Combines perfectly cited sources with copied passages without citation

7. MASHUP

Mixes copied material from multiple sources

8. 404 ERROR

Includes citations to non-existent or inaccurate information about sources

9. AGGREGATOR

Includes proper citation to sources but the paper contains almost no original work

10. RE-TWEET

Includes proper citation, but relies too closely on the text’s original wording and/or structure

 

Self-plagiarism

Reading the following line, can you guess the meaning of the term self-plagiarism.

“Self-plagiarism involves dishonesty but not intellectual theft.“ (David B. Resnik)

Self-plagiarism (also known as “recycling fraud”) is the reuse of significant, identical, or nearly identical portions of one’s own work without acknowledging that one is doing so or without citing the original work. It is common for university researchers to rephrase and republish their own work, tailoring it for different academic journals and newspaper articles, to disseminate their work to the widest possible interested public. One of the functions of the process of peer review in academic writing is to prevent this type of “recycling”.

CRITICISM ON SELF-PLAGIARISM

The concept of “self-plagiarism” has been challenged as self-contradictory. Stephanie J. Bird argues that self-plagiarism is a misnomer, since by definition plagiarism concerns the use of others’ material. Bird identifies that in an educational context, “self-plagiarism” refers to the case of a student who resubmits “the same essay for credit in two different courses.”

 

HEC’s Plagiarism Eradication System

HEC’s goal is to combat plagiarism effectively in an academic environment in all institutions while ensuring that the students and academicians know that stealing someone’s intellectual property is unethical and can lead to serious consequences. For this, IT division has sought for technological solution and acquired an online software tool to assist in identifying the plagiarized material from documents. The software tool, iThenticate and Turnitin are amongst the leading software used globally for such purposes. The facility is provided to all higher education institutions across the country and is in use since 2007. This web based service is available at http://www.turnitin.com and 1000 licenses for each of the universities/ institutes have been acquired and handed over to teaching faculty, post graduate students and researchers in order to address the issue at the grass root level. A total of one hundred and twenty seven (127) HEIs have been provided with this facility. At present there are 7170 instructors registered with this acquired services, whereas the number of students are more than 15,000. During past five (05) years, nearly 150,000 articles and/ or documents have been submitted to generate the Originality Report.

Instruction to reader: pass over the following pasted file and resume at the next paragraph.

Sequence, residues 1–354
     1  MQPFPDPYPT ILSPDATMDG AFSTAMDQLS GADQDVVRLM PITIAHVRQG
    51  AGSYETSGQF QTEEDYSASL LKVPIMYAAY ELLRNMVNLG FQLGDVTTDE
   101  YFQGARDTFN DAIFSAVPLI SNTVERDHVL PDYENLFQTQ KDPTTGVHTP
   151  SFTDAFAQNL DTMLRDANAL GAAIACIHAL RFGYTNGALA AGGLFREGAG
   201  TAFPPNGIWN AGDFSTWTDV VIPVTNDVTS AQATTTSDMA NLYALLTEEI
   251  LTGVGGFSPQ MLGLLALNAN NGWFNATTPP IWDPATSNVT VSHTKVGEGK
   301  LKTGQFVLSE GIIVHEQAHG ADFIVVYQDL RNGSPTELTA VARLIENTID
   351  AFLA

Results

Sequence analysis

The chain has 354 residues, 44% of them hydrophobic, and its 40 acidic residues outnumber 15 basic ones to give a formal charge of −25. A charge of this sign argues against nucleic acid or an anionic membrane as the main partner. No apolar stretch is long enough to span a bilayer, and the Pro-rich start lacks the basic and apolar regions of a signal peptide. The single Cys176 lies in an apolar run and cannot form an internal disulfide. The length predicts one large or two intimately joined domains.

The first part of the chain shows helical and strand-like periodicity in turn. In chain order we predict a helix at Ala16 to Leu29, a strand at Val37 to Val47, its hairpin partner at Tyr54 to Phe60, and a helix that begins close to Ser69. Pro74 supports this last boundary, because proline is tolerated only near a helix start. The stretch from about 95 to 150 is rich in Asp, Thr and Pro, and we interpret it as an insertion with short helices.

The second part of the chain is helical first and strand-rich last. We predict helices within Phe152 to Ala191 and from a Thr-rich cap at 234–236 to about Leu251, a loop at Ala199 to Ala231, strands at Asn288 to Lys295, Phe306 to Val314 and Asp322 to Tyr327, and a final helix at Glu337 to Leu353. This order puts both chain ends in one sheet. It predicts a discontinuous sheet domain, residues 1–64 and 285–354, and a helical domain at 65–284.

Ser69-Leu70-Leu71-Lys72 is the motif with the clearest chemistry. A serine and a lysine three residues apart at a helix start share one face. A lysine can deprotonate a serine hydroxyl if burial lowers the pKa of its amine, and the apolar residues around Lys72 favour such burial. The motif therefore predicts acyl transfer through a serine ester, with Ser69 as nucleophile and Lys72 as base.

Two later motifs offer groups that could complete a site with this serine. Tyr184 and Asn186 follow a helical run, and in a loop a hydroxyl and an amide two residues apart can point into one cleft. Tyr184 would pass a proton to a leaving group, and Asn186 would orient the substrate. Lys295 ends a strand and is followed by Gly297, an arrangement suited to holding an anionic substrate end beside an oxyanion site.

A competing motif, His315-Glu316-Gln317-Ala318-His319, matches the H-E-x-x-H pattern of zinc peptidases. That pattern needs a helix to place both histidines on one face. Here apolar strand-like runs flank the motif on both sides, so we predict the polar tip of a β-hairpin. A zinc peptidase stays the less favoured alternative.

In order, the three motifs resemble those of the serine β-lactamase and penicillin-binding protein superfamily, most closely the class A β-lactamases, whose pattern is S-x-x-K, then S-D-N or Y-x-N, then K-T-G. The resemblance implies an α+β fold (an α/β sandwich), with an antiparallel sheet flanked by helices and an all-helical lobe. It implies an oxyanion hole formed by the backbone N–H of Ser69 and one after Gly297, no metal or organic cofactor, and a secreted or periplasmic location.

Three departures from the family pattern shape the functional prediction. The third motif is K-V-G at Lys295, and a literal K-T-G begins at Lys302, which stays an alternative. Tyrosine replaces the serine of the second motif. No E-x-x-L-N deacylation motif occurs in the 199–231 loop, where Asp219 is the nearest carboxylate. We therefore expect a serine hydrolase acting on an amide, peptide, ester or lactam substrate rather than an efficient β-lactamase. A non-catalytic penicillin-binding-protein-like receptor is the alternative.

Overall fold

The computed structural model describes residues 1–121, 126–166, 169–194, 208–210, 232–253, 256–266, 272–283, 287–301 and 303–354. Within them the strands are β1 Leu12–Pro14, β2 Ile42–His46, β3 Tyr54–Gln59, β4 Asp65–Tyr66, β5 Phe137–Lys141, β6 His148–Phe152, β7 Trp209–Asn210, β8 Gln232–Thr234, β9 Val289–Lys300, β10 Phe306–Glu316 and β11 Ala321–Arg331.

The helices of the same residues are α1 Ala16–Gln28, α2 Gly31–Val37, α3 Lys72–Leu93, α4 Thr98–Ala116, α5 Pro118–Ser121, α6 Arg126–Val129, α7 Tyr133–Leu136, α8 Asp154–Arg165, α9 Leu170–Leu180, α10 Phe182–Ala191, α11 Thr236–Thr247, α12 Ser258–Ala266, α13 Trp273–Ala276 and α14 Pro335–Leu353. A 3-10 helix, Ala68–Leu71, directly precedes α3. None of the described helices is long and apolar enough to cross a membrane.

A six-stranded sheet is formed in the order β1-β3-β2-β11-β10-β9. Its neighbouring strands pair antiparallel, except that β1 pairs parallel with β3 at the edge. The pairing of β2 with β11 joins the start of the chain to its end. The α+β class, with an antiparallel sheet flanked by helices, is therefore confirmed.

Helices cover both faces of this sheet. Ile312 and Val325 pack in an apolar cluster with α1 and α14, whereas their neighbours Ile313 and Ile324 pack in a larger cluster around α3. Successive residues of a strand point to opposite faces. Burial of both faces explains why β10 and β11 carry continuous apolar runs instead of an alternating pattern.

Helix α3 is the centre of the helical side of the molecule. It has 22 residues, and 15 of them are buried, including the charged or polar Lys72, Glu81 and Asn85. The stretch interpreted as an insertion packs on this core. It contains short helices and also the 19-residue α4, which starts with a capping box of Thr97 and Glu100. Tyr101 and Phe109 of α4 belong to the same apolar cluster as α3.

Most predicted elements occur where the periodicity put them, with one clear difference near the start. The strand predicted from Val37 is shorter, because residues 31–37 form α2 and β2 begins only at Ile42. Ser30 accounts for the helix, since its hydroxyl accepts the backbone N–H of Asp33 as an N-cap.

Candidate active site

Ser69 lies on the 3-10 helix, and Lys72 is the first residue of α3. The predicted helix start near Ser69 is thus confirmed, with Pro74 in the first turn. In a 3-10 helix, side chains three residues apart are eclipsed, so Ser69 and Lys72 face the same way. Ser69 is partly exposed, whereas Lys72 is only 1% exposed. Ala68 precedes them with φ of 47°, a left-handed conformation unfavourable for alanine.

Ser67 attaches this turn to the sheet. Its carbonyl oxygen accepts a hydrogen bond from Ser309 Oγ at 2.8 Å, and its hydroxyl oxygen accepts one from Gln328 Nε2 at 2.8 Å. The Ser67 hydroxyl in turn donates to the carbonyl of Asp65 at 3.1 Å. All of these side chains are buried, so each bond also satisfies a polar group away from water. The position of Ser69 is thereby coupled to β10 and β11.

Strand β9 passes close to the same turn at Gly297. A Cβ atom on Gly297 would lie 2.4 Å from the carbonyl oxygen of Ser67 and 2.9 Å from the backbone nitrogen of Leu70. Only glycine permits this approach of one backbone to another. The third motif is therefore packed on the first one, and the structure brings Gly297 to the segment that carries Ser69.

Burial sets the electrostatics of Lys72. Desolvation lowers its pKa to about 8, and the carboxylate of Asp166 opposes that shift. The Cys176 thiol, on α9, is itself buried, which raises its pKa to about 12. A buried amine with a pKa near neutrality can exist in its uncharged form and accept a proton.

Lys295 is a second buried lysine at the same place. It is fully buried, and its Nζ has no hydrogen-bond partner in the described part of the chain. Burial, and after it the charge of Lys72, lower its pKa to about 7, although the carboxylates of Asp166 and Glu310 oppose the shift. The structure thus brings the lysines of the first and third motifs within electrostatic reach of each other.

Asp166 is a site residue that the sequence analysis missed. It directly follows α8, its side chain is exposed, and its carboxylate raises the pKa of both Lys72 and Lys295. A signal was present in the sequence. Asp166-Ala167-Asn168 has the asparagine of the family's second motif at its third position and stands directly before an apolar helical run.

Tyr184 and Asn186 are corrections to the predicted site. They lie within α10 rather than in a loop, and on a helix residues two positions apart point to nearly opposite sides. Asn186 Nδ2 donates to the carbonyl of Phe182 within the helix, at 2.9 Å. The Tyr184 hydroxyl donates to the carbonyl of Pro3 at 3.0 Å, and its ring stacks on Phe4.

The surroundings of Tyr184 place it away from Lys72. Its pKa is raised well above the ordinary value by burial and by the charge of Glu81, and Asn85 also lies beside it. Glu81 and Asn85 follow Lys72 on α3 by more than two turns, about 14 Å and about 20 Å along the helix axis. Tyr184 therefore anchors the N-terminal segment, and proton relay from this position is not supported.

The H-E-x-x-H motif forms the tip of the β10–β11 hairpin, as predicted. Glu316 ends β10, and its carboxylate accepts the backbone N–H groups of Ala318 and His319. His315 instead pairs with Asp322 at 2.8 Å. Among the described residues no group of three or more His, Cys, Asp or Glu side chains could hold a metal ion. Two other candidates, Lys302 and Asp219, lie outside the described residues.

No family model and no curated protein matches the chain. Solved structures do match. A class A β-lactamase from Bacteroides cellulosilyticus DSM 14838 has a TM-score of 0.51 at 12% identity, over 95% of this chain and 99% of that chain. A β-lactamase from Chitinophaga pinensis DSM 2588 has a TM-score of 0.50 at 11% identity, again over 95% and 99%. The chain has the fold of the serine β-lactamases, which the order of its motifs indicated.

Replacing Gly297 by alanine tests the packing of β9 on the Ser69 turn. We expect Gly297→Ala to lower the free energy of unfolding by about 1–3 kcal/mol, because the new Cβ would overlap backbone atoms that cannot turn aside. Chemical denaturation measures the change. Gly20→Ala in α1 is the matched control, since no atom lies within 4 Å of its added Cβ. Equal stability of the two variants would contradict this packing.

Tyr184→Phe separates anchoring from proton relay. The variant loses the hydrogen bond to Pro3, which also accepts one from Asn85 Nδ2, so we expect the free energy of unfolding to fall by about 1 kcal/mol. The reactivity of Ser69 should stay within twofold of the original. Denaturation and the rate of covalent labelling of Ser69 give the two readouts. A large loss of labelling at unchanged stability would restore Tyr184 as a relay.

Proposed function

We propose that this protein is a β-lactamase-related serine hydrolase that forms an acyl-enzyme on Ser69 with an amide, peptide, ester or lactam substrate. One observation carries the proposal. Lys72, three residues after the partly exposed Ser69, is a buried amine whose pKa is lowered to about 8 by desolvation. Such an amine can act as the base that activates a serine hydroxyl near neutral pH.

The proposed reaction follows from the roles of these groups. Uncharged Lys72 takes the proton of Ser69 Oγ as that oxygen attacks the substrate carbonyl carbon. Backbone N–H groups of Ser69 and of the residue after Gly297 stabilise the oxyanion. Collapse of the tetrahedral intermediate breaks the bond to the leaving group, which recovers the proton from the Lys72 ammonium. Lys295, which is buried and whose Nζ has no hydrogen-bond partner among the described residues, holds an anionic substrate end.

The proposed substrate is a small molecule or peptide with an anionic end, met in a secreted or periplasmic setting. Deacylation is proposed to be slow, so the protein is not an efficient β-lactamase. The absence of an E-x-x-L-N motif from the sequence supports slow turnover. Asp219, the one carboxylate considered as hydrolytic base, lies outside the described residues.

How do these software help?

1. Educators can check students’ work for improper citation.
2. Helps instructors in saving time spent on assessing written work and marking it accordingly.

How TO benefit from hec plagiarism prevention service?